In 1995, Ford passed the torch to her daughter Katie, who took over the company as chief executive officer. The younger Ford held that role until Ford Models was sold to Stone Tower Equity Partners in 2007. More than three years after the fact, Ford told WWD, “We’re not going to live forever. We know that. And we gave it to the children. I don’t think you can give a business to a child and say it’s yours and then tell them what to do. My daughter sold the agency and she’s devoted her life to prevent human trafficking. I’m so proud of her.”
Ford’s tips to up-and-comers extended to their elders: “My advice is to their parents. Let your children know that you believe in them. That’s true about being a successful model agent, too. The model has to know that you believe in her. And gosh knows we did.”
Turlington Burns said Thursday, “I was fortunate to have worked in the industry at a time when legends like Eileen Ford were still reigning. Being a part of the Ford Agency when I began my career was truly special. I will always remember Eileen and her indomitable presence with fondness and gratitude.”
Ford Models said Thursday, “Eileen Ford was an industry icon and pioneer, and everyone in the Ford Models family will miss her dearly. Eileen’s contributions to the modeling and fashion industries are unmatched. She founded Ford Models 68 years ago and, due to her unwavering passion, curiosity and drive, grew Ford into one of the world’s most prestigious agencies. We are incredibly proud and grateful for her revolutionary spirit and the values she instilled in Ford Models.”
With an Irving Penn photograph of 10 statuesque models hanging above her desk at work, Ford often dressed in a pencil skirt and shirt with a sweater casually tied across her shoulders, and she made it known that her models should always look pulled together. Along the way, Ford penned five books about beauty. She and her husband delved into cosmetics with Eileen Ford Makeup for Models, which was later sold. While she was not known to mince words, she appeared teary in the HBO special “About Face,” when she said, “I’ve read from time to time that I’m cruel, that I turn down models. If I did say no, it’s the best thing I could do,” explaining that telling a short model that she could get work would be dishonest. (She also was known to stand up for her clients’ best interests, her daughter Katie said Thursday.)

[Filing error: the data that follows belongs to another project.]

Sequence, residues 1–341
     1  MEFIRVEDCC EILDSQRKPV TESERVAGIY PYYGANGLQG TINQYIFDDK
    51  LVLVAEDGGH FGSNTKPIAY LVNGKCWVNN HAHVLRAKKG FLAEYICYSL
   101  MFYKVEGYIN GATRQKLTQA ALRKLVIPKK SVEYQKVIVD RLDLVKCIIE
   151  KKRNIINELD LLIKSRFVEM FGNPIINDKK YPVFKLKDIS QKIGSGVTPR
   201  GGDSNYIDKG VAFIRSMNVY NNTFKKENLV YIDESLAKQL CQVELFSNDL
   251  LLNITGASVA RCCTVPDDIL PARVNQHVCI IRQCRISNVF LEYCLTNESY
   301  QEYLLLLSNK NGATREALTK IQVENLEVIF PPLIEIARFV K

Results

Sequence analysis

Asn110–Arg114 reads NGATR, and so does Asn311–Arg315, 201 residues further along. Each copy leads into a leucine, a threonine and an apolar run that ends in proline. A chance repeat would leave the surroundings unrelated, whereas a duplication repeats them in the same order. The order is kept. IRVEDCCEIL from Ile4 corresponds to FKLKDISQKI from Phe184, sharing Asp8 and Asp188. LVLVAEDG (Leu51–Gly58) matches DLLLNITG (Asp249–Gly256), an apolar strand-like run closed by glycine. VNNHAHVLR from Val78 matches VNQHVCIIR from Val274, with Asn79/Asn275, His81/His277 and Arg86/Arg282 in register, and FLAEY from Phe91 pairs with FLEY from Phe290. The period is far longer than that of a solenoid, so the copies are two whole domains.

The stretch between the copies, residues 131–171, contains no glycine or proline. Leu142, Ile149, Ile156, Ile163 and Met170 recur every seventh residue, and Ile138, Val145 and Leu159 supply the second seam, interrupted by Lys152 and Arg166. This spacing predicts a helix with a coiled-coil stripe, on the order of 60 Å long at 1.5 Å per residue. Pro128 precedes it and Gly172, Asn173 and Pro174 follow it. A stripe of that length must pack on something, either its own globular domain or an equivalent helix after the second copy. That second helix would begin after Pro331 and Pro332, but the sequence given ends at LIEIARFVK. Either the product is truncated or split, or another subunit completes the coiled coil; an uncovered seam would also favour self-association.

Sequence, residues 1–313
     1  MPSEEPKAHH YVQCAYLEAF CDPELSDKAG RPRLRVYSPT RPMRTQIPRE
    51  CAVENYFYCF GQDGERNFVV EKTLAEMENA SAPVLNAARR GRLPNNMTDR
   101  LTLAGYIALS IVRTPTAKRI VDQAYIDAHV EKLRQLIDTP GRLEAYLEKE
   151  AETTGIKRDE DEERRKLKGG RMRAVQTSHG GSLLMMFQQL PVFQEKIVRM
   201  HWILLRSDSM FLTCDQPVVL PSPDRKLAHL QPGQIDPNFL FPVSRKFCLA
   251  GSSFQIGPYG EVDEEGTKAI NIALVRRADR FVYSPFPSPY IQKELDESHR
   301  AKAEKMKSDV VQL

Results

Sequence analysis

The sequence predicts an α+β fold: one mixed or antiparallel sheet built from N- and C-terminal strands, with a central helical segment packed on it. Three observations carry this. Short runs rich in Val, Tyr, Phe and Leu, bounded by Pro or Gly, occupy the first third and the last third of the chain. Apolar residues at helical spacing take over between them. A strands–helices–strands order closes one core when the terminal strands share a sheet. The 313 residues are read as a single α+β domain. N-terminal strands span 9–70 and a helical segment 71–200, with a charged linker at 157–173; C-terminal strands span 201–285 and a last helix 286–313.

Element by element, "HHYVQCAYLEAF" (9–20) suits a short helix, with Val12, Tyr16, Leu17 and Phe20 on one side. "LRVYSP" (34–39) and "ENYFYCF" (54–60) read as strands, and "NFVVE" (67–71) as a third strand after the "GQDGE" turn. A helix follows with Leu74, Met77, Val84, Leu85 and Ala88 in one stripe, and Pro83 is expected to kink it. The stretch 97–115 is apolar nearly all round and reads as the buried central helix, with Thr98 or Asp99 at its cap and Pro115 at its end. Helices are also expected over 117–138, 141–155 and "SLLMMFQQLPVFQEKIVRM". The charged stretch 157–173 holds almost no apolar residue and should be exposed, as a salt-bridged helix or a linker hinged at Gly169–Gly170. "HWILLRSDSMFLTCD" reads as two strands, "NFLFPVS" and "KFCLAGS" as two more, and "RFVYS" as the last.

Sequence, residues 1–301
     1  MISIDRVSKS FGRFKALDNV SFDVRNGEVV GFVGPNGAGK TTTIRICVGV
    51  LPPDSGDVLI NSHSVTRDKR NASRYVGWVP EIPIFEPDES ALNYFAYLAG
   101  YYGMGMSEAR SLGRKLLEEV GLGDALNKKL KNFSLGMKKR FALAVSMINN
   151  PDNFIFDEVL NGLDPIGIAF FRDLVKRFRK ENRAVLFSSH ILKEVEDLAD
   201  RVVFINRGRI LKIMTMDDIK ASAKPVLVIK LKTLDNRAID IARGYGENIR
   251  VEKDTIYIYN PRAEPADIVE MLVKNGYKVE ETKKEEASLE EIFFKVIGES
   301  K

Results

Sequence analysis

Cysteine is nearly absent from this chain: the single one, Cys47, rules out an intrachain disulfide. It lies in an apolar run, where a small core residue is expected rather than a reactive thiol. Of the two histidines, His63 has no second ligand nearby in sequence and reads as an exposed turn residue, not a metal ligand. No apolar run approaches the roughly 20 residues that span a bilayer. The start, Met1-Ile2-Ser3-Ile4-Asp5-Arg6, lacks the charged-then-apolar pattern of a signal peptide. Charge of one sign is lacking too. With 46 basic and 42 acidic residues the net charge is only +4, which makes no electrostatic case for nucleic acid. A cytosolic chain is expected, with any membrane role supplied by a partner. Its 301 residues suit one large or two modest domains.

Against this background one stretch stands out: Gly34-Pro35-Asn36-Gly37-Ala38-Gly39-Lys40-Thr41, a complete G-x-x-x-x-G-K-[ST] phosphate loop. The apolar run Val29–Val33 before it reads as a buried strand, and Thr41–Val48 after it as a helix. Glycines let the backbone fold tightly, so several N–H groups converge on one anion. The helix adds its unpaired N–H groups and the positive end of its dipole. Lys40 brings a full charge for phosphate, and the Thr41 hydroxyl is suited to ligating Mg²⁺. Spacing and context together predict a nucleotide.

As the modeling business edged into celebrityhood, Ford said, “It’s very bad for the model business. It didn’t surprise me — it troubled me. I felt very sorry for them because covers count for the model. On the other hand, my idol was Katharine Hepburn. I loved the way she looked, the way she dressed — everything about her.”
Through it all, Ford considered her marriage to be her greatest success. (Jerry Ford died in 2008.) She told WWD, “Jerry and I worked together and then we’d go home to see our children. We were married two months short of 64 years. And Jerry’s two-and-a-half years younger than I. I’m an original cougar.”
Not one for words to live by, Ford said, “I live day to day, and so far it’s worked out. I’m really lucky. That’s a good song, ‘Lucky to Be Me.’ I am lucky to be me. It isn’t that I’ve wound up the richest woman in the world. I’m not the poorest woman in the world, but I certainly think I’m one of the happiest — and luckiest.”
In addition to her daughter Katie, Ford is survived by three other children, Jamie, Billy and Lacey, as well as her brother, William Otte.